It’s no surprise, then, that the Bible story of life and death, suffering and loss would be so well-suited to opera, said Don Harris, the creator of the stage production Job: A Postmodern Opera of Biblical Proportions.
The show – or at least, portions of it – will be staged at Augusta’s Kroc Center on March 10.
That’s because Job: A Postmodern Opera is an opera that’s more than 30 years in the making and seven years into active production.
Harris and his wife, Suzanne, who wrote the music for the original production, have performed the opera in various venues around Augusta during the past several years, including the 2008 Westobou Festival and 2011 Arts in the Heart of Augusta.
This upcoming show is their first fully costumed production, featuring a 16-member cast and 21-piece orchestra.
The style is eclectic, with new and old songs set to blues, pop, country and classical melodies.
The opera features performances by Greg Hatfield as Job; Pamela Bowman as Job’s wife; Matthew Peters as Elihu; and Bill Juras as God.
The full opera is scheduled to be released in November after a final fundraising push. Each performance costs $3,000 to $4,000, depending on venue costs and the orchestra.
It’ll cost about $25,000 to show the final opera several times this fall.
“When we do it, we don’t want to do it for one night,” Don Harris said. “We want to have a good run.”
The full, final production has been a long time coming, said Harris, who works by day at Powerserve, a software development firm in Augusta, and attends Lakemont Presbyterian Church with Suzanne.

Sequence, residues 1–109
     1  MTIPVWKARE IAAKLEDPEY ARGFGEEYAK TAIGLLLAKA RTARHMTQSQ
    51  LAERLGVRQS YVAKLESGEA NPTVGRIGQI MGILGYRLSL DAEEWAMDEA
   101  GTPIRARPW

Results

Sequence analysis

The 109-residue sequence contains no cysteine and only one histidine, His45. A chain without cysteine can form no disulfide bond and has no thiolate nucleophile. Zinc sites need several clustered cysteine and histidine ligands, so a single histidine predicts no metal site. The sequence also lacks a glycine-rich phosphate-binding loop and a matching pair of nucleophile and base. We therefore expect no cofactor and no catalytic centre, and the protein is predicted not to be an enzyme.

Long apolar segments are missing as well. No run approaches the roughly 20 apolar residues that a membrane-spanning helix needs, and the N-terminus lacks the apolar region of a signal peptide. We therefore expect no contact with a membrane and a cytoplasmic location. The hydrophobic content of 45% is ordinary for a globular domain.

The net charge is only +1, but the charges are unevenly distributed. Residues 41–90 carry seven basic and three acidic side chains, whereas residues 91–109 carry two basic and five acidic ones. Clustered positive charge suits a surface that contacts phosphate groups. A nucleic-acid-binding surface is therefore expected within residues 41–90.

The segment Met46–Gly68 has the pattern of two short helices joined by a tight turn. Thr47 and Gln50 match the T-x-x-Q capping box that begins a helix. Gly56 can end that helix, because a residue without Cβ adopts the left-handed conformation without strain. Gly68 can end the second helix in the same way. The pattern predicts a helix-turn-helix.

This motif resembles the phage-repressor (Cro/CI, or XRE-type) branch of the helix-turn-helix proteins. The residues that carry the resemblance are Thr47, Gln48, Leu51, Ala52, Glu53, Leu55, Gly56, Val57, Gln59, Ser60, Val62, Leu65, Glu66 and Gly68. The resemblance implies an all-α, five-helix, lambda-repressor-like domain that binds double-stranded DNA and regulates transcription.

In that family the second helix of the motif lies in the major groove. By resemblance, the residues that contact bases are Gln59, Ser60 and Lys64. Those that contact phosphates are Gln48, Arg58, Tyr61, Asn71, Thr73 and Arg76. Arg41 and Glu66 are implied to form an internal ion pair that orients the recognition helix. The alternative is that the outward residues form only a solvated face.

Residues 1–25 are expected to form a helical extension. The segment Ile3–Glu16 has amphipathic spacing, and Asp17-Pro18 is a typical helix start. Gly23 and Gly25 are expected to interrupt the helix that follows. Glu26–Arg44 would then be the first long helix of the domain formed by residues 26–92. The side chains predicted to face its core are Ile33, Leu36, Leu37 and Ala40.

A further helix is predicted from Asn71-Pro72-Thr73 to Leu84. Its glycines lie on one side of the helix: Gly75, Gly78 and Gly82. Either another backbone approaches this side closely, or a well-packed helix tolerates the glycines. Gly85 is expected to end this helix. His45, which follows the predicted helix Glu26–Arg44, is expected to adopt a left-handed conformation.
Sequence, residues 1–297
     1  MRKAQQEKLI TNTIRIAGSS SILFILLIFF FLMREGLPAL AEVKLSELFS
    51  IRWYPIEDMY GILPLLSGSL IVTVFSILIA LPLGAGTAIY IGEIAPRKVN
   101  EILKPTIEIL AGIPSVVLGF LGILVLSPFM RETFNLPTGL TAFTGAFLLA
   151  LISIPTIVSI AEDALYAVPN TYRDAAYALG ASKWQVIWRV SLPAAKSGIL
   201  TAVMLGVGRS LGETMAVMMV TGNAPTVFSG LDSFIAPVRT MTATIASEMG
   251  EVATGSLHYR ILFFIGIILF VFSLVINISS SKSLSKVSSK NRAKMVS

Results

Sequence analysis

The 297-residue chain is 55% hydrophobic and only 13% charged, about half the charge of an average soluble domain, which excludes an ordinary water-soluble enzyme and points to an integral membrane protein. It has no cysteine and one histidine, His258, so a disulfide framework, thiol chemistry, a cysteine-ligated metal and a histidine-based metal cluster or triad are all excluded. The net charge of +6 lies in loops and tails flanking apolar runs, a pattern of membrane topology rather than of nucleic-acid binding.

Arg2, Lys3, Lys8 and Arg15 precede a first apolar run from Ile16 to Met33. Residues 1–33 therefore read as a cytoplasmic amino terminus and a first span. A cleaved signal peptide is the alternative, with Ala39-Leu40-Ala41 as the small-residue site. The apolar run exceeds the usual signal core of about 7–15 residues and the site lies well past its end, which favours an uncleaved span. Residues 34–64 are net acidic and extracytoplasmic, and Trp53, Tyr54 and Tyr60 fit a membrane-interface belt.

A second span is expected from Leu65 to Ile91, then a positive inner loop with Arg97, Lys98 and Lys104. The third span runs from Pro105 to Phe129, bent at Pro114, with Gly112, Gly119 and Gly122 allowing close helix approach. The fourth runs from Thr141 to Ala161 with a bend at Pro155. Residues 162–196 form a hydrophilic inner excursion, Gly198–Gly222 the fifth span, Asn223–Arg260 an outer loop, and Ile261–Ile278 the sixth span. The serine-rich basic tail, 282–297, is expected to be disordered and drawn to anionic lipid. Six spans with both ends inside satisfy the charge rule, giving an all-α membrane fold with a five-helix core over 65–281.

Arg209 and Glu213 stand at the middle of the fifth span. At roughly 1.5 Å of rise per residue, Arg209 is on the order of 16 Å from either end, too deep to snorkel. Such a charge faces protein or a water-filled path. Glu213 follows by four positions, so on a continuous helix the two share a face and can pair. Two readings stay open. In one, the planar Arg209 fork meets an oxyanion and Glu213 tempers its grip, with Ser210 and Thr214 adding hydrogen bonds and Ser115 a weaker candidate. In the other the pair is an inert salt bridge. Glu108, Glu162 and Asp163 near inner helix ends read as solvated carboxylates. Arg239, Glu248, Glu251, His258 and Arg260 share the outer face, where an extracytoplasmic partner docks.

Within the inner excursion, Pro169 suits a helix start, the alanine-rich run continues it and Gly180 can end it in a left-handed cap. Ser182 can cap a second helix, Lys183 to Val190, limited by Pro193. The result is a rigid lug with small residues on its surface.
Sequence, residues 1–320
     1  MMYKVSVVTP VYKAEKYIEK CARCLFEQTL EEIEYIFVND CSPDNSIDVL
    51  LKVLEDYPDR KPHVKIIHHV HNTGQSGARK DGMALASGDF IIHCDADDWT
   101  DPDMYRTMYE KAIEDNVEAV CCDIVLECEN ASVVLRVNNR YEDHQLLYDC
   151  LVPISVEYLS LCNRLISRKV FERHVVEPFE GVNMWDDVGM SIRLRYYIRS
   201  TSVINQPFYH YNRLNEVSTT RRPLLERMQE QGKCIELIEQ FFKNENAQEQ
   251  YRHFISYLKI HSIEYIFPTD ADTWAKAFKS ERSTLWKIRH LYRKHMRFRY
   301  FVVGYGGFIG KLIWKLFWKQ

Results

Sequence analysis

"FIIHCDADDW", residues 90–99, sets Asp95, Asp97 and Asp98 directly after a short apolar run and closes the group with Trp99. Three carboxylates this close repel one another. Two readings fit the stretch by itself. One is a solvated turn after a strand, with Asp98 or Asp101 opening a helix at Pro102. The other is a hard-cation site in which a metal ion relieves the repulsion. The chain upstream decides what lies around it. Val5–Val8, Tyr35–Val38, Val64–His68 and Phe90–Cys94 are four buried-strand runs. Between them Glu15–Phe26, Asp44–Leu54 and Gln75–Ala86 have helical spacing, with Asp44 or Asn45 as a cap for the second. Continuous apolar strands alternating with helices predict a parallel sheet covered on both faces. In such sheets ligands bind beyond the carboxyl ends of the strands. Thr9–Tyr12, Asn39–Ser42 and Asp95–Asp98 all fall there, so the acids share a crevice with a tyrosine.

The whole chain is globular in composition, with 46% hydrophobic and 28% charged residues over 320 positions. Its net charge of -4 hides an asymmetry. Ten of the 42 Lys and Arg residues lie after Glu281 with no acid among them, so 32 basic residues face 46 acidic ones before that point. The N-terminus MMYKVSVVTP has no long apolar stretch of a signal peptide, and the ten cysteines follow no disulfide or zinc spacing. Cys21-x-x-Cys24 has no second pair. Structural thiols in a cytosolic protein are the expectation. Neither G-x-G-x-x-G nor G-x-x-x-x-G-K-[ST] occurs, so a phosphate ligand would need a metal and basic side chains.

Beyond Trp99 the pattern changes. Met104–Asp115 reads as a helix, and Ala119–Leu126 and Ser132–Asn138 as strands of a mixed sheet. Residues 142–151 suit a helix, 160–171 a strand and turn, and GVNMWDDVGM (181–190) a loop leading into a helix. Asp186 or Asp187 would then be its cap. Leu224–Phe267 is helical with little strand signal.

“I started working on the lyrics for what would become the opera about 30 years ago” in an attempt to restructure the poetry in Job into modern, singable songs, he said. “I didn’t pull it out until about seven years ago. I went and took it to my wife and told her I had written an opera.”
Harris had the lyrics, but not the music or choreography he would need to stage the show.
“She started to write the most beautiful music I had ever heard,” he said.
Suzanne and Henry Johnson completed the music, and Peter Powlus choreographed the show.
At the Kroc Center next week, audiences can expect to see more than an hour of both the most popular and never-before-performed selections.
“Each performance is a little bit different,” Harris said. “We’ve tried very hard to make sure we tell a complete story.”
Harris hopes audiences walk away from the show with a new perspective on Job.
“I’ve been studying the story of Job and the various intricacies for quite some time,” he said. “This suffering is something everyone relates to. When people are suffering, it connects us. It unites us at a base level of our humanity. We try to use these performances to promote that mind-set of unity.”